Sustainable or Fleeting? The Blue Jacket Juggernaut

by Cam Robinson on January 13, 2017

Every season there is one team who comes from virtual obscurity to take the league by storm. These phenomena can last a month, a quarter season and in some cases, rage on for the entirety of the campaign.

 

We don’t need to tell you that the 2016-17 version of the Columbus Blue Jackets is that team.

 

Pegged as a likely bottom-feeder destined to find itself in the draft lottery once again, the John-Tortorella-coached team began the season as expected, by winning just two of their first six contests. Since that time however, they’ve accumulated a 26-5-3 record.

 

You didn’t misread that. They’ve been clicking along at a .808-point percentage since October 28th. That is the clear tops in the league over the span. How have they gotten to such a lofty position?

 

Three main reasons:

  1. They score a lot of goals.
  2. They allow very few.
  3. Their power play is ridiculously effective.

 

Let’s dig into these aspects and see if this team’s success and production is sustainable or fleeting.

 

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Raise your hand if it feels weird to say that the Columbus Blue Jackets are an offensive powerhouse? Yeeeah, that’s a lot of hands.

 

Well perhaps you better get used to it, because the way this team has been built and utilized appears to be set up to continue succeeding. The sheer balance of ice time and production throughout the lineup is a key ingredient to this success.

 

Here is a snapshot from their last game:

 

LINES FOR 2017-01-10

EVEN STRENGTH

     

FORWARDS

     

#1

16%

ANDERSON,JOSH – HARTNELL,SCOTT – KARLSSON,WILLIAM

#2

13.9%

DUBINSKY,BRANDON – FOLIGNO,NICK – JENNER,BOONE

#3

13.9%

ATKINSON,CAM – SAAD,BRANDON – WENNBERG,ALEXANDER

#4

12.1%

FOLIGNO,NICK – SAAD,BRANDON – WENNBERG,ALEXANDER

     

 

 

 

 

 

 

 

 

 

 

 

That top nine is evenly spread. Only one regular sees under 10 minutes per night on average – Lukas Sedlak plays 9:25 a game, while the other 11 forwards are out there for 12-plus minutes a game and no single forward plays more than 18:30, as captain Nick Foligno, leads the way at 18:28.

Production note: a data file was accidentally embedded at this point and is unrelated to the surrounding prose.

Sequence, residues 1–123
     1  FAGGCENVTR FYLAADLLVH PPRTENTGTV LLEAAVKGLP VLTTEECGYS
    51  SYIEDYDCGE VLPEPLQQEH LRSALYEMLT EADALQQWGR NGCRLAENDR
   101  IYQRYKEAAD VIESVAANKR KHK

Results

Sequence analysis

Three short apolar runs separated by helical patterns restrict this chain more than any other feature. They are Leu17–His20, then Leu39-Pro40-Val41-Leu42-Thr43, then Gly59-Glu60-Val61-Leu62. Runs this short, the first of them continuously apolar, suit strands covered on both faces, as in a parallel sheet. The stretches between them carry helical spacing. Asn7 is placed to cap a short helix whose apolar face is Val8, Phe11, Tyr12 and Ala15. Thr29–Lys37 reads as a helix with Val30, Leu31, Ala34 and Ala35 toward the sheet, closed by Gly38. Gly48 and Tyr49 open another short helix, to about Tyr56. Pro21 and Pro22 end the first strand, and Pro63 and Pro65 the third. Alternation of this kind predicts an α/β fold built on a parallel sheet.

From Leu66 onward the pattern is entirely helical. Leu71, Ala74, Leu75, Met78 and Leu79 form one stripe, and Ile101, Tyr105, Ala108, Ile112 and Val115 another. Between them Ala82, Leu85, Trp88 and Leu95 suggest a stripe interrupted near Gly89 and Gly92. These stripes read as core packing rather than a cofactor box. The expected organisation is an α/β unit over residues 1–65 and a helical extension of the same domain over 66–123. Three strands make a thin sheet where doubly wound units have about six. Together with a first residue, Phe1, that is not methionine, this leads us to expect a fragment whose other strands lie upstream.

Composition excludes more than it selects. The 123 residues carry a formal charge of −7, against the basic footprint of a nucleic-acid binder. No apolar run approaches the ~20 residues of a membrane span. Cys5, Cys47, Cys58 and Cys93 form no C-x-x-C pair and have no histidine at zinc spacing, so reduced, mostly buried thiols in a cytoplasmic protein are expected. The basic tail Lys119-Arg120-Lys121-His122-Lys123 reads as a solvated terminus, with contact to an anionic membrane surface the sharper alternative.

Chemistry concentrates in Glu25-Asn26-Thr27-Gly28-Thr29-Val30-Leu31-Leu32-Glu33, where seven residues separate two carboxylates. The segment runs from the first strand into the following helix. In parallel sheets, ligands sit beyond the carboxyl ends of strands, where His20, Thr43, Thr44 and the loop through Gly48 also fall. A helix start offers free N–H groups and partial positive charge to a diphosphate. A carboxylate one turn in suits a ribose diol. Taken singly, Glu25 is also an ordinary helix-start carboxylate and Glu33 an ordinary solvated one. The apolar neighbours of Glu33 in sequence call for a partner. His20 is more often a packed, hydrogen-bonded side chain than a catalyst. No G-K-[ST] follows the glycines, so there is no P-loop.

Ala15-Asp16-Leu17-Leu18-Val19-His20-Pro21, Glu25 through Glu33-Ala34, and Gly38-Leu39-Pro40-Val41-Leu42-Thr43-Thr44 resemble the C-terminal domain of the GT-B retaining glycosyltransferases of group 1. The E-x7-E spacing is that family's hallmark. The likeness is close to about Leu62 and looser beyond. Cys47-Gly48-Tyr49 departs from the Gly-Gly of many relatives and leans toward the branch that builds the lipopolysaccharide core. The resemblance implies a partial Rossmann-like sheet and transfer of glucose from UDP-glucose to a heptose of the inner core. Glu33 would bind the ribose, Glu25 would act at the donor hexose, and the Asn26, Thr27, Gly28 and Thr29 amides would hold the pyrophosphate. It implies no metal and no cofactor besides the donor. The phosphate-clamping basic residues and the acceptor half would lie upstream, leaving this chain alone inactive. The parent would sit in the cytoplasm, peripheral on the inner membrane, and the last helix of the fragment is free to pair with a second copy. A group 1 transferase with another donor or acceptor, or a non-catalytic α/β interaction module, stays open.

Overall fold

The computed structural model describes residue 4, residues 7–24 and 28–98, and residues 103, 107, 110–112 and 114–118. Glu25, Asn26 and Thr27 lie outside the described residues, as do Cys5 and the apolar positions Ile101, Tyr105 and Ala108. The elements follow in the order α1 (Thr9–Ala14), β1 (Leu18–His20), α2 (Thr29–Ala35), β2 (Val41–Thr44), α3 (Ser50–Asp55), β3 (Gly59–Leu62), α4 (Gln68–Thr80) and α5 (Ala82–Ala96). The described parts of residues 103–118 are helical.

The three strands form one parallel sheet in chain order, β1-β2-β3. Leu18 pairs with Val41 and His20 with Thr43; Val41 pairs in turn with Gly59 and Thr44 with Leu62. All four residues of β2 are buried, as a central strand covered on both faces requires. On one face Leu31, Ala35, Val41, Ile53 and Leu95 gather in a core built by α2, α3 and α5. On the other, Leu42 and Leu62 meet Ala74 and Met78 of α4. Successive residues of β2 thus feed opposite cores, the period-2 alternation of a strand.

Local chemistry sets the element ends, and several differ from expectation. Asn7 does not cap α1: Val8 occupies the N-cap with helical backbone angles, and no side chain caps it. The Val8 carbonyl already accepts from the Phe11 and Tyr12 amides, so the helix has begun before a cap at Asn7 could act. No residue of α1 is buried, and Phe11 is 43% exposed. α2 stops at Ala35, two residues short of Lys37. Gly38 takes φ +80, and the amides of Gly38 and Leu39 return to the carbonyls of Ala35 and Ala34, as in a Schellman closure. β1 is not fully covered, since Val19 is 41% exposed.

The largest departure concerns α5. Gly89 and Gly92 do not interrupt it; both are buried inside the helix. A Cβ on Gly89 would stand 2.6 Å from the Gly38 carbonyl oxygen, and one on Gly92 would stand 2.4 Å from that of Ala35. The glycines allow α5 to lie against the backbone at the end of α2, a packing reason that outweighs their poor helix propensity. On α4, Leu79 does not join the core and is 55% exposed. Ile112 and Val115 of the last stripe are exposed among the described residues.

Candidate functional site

The Blue Jackets have 15 skaters with at least 10 points, seven skaters with at least 20 points and five forwards with 30-plus points. To put that into perspective, damn near a third of league – nine teams, have yet to have a single forward eclipse the 30-point-barrier.

 

The team sits third in the league for both goals scored, with 145 and goals per game at 3.33. The ability to spread that type of production across four lines is tremendous and makes defending the waves that much more difficult.

 

Top 15 Point Categories

Rank

Name

Pos

Age

Yrs

Team

GR

GP

EV

PP

SH

Pts/G

TOI

PTS/60

Points

1

ATKINSON,CAM

R

27

3

CBJ

42

40

19

19

2

1.00

17:57

3.3

40

2

WENNBERG,ALEXANDER

C

22

0

CBJ

42

40

18

17

0

0.88

18:24

2.9

35

3

FOLIGNO,NICK

L

29

7

CBJ

42

38

19

16

0

0.92

18:28

3.0

35

4

SAAD,BRANDON

L

24

3

CBJ

42

40

32

2

0

0.85

17:23

2.9

34

5

GAGNER,SAM

C

27

7

CBJ

42

39

16

14

0

0.77

13:31

3.4

30

6

WERENSKI,ZACH

D

19

0

CBJ

42

40

10

15

0

0.63

21:12

1.8

25

7

HARTNELL,SCOTT

L

34

13

CBJ

42

40

22

2

0

0.60

12:25

2.9

24

8

JONES,SETH

D

22

0

CBJ

42

34

16

2

0

0.53

23:09

1.4

18

9

ANDERSON,JOSH

R

22

0

CBJ

42

40

16

0

0

0.40

12:13

2.0

16

10

DUBINSKY,BRANDON

C

30

8

CBJ

42

38

12

3

0

0.39

17:37

1.3

15

11

KARLSSON,WILLIAM

C

24

0

CBJ

42

40

12

1

1

0.35

14:05

1.5

14

12

JENNER,BOONE

C

23

1

CBJ

42

40

11

1

0

0.30

15:26

1.2

12

13

JOHNSON,JACK

D

29

8

CBJ

42

40

11

1

0

0.30

21:29

0.8

12

14

SAVARD,DAVID

D

26

3

CBJ

42

40

11

0

0

0.28

21:32

0.8

11

15

SEDLAK,LUKAS

C

23

0

CBJ

42

38

10

0

0

0.26

09:25

1.7

10